CMS Librarian Helps in Morris Awards Judging

Monday, April 13, 2015

Claremont students and library volunteers wondered why Ms. Riemer went to Chicago at the end of January in the middle of back-to-back blizzards. Finishing off a year of work, she was taking part in the final deliberations and awards ceremony for the Morris Award, given by the American Library Association (ALA) to the year's best debut book written for teens.

Carla Riemer, the librarian at Claremont Middle School since 2012, served on the 2015 Morris committee with seven other librarians from Alabama, New York, Rhode Island, Minnesota, North Carolina, Louisiana, and Kansas. In this interview, she described her experience.

Jennifer Vetter: How did you get to be on the Morris committee?

Carla Riemer: I applied. There's a selection committee that evaluates the applications for all the different awards committees.

JV: Why the Morris?

CR: The reason I chose the Morris, and fortunately the Morris chose me, is that a couple of years ago, when I went to my first ALA Annual, I sat in on a panel of debut authors discussing their books: how cool is that! The idea of giving someone a boost at this point in their career, when they have just been published for the first time, really appealed to me.

JV: Is it just novels? And how did you get the books?

CR: Oh, no. We read fiction, nonfiction, and graphic novels Ð anything that was a debut. If an author had been published before, even for a different audience, they're not eligible. Most of the books we got from publishers, but sometimes we had to go out and get them ourselves. We were scouring every source of information about new books Ð we looked for small presses, checked blogs and talked to people at conferences and with colleagues.

JV: What was the process like? Were there big arguments?

CR: I can't tell you which books we discussed or what we said about them, but I can say we had a great committee with a great chair and I feel very fortunate to have worked with these people. And I'm not just saying that.

JV: How did the committee meet?

CR: We used ALA Connect, which is text chat, but then we started using Google Hangouts so we could see and hear each other. We met face-to-face at the ALA Annual Conference last June in Las Vegas, and again in Chicago at the ALA Midwinter Conference in January to choose the winner.

JV: Were there any books that were so bad that you didn't feel you had to read the whole thing?

CR: Even if we thought a book didn't meet the criteria, we had to write about it and explain why to the rest of the committee. Actually, we were all uniformly pleased at the quality of the books. There were so many really good books that we had a hard time narrowing it down. For those of us who are privileged enough to buy books for our libraries, we can still promote good books that didn't make it to the final round [of five].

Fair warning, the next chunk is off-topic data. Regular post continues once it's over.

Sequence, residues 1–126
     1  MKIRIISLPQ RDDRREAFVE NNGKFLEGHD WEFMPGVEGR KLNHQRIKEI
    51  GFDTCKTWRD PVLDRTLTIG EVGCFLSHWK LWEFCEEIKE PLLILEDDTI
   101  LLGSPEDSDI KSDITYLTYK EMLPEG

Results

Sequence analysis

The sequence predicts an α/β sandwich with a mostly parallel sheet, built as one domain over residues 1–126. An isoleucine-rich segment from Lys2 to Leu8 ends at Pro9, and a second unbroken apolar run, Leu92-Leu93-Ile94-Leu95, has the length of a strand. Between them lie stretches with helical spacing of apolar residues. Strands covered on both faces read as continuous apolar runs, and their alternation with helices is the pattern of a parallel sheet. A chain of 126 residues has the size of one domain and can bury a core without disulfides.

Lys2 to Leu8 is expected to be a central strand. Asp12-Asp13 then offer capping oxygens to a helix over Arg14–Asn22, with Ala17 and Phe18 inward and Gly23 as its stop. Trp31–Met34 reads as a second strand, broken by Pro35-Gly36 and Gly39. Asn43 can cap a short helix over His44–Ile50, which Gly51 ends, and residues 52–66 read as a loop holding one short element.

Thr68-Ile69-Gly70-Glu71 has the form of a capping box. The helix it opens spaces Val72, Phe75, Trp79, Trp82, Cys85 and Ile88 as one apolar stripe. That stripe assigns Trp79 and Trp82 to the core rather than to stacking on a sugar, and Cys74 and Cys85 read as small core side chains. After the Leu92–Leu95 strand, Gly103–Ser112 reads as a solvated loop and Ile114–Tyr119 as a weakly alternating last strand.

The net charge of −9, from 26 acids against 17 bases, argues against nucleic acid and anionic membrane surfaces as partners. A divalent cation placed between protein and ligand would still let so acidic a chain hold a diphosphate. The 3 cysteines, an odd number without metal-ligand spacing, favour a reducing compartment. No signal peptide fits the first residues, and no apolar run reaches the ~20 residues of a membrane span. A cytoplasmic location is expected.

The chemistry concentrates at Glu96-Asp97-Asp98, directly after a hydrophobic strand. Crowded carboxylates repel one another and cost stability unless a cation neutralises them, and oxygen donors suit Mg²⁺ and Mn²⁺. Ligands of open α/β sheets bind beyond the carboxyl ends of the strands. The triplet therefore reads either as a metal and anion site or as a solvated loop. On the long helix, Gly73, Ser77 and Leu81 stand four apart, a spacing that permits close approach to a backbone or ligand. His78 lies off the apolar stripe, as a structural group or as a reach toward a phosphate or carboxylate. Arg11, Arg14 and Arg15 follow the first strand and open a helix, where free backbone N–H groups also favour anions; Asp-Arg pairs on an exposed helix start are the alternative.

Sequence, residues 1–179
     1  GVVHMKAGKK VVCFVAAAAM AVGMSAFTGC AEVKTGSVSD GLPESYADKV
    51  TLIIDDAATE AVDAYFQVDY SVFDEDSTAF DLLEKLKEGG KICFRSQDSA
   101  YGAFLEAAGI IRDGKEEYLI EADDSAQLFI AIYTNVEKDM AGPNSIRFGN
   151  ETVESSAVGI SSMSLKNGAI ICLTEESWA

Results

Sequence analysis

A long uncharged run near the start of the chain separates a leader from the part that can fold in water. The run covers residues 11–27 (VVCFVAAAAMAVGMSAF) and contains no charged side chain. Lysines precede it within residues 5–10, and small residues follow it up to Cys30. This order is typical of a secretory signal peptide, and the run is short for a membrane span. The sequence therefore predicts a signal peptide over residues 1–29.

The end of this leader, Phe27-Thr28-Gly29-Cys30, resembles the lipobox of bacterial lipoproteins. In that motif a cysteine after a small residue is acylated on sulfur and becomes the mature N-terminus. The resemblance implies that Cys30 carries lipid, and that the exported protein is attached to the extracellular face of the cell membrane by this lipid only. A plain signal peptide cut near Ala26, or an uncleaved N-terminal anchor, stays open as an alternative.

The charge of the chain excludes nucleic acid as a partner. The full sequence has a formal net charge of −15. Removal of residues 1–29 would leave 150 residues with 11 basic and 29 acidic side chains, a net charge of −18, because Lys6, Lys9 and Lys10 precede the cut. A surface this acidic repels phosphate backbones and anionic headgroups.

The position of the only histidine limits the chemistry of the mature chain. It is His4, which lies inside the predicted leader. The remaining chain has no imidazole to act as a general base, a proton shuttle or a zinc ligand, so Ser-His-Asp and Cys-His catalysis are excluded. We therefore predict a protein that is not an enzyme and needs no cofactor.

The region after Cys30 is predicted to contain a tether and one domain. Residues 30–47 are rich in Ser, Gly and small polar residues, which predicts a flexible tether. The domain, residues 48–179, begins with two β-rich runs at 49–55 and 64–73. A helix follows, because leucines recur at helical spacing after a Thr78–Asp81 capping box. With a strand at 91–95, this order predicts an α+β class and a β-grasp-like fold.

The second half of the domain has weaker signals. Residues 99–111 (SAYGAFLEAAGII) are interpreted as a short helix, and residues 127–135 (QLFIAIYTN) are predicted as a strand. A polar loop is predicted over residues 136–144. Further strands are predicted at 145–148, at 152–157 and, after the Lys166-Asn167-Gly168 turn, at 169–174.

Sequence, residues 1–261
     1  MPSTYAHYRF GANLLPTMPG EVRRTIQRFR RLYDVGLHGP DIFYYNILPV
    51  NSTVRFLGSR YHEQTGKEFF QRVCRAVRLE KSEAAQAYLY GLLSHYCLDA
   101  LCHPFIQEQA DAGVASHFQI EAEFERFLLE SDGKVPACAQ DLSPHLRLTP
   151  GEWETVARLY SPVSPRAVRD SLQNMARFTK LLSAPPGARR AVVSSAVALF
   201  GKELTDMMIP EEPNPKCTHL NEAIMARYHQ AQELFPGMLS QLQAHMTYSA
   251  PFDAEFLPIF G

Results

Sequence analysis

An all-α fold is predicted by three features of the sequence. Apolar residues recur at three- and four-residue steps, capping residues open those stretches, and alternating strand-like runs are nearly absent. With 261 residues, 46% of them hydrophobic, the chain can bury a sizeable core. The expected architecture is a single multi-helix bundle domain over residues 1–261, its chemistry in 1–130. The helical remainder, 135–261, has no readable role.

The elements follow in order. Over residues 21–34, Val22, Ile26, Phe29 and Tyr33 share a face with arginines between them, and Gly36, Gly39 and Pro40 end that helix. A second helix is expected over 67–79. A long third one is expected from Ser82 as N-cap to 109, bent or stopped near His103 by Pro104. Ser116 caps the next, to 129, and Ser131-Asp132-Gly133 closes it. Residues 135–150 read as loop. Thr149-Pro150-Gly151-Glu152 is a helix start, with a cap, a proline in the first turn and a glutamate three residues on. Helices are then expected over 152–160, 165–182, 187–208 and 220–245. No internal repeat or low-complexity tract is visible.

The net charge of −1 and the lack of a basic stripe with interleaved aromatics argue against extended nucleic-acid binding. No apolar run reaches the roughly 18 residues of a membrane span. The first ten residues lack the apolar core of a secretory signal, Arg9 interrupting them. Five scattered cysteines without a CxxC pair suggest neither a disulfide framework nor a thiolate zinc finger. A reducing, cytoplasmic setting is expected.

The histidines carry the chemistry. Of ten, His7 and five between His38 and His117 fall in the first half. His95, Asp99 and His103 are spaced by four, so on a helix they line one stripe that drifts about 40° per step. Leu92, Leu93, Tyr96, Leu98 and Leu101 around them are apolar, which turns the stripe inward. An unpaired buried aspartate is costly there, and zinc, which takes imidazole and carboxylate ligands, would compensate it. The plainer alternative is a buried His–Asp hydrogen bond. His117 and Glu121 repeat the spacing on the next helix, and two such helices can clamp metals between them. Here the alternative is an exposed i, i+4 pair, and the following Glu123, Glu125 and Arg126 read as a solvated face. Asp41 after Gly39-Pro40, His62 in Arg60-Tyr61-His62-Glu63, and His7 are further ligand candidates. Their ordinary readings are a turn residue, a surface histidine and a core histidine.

JV: How many books did you have to read in total?

CR: Without disclosing the number, I can tell you I had to get a new bookcase for my house and even that was overflowing. My family got used to the loud thud of boxes on our porch.

JV: What will happen to the books now?

CR: Some I'm keeping, some have made their way to the Claremont library, some went to the school district, and the rest I will give away.

JV: Did you have any time for pleasure reading on the side?

CR: At the very beginning of the year, I was still reading a little bit for fun, but I soon had to give that up, and all my TV shows. The last few months were the busiest: it was insane. So many books! But in the end it was fine; we got it all done. What really takes time is the write-ups about every single book, and keeping track of that. You have to evaluate each book against each criterion, and if it made it to the next level, you had to write even more.

JV: Did you get to meet the authors?

CR: The publishers of the five finalists threw a small restaurant dinner for us, the publicists, and the authors. We had already made the decision by the time we had the dinner, so it had no influence on us. All the authors were really nice people, fun to talk to. It was a nice thing to do.

JV: Were all the finalists there?

CR: E.K. Johnson, author of "The Story of Owen," couldn't make it in from Boston because of the snow. [Blizzards in the Midwest and all along the East Coast complicated travel to and from ALA Midwinter, which was in Chicago from January 30 to February 2.] All the authors who were there gave moving speeches at the award presentation ceremony. All in all, it was a great experience.

From the ALA website: The William C. Morris YA Debut Award, first awarded in 2009, honors a debut book published by a first-time author writing for teens and celebrating impressive new voices in young adult literature. For more information about the award, the 2015 winner, runners-up, and past winners, go to http://www.ala.org/yalsa/morris-award. -JV